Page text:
- Integrated help function ... will point you in the right direction in case of problems/questions.

- Generate example solution and/or project configuration files.

VsCommandBuddy brings a whole world of tools into your favorite IDE, right where you need them!

PaulHuizer/VsCommandBuddy/docs/gettingstarted.md

Getting started involves installing the package and configure some external commands.

Step 1: Download and install VsCommandBuddy

You'll find VsCommandBudy in the 'Tools -> Extension and updates' section in Visual Studio. Search for VsCommandBuddy and install.

Or...

You can go the VisualStudioGallery using your browser here. Click download and and then doubleclick on the vsix file to install.

(In case you decide afterwards not to continue using VsCommandBuddy, you can simply uninstall VsCommandBuddy from your pc using Visual Studio 'Extensions and updates'.)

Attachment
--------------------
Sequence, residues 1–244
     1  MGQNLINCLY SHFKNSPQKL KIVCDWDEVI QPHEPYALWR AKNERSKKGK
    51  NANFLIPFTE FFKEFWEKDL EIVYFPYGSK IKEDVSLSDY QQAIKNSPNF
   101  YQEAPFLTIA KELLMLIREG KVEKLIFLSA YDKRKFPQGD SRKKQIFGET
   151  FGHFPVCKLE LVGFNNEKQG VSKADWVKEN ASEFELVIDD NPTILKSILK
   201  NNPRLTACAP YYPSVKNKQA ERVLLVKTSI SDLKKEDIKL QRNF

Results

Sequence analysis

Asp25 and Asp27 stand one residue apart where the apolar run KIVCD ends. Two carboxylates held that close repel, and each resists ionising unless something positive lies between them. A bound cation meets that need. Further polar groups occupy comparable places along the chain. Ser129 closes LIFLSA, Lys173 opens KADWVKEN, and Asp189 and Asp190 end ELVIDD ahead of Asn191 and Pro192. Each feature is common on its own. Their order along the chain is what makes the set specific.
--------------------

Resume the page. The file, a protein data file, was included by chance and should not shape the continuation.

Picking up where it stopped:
After installing, a restart of Visual Studio is required.

Tip:

  • You should now see some VsCommandBuddy items in the Tools menu.
  • Enable the VsCommandBuddy toolbar by right-clicking on the toolbar area, and select the VsCommandBuddy toolbar.
  • VsCommandBuddy communicates primarily with the user through the output window of Visual Studio. If you click something, make sure you look at the output window to see the result!
Step 2: Open an existing Visual Studio solution

Since VsCommandBuddy is about customizing commands per solution/project, a loaded solution is required. Make sure to open an existing Visual Studio solution file from disk.

Step 3: Configure commands

Now configure some external commands which you use with your projects. External commands are configured in so called vscb files, which are just plain json. VsCommandBuddy looks for one vscb file per solution file and optionally one per project in your solution.

How to get your vscb files? You have the following options: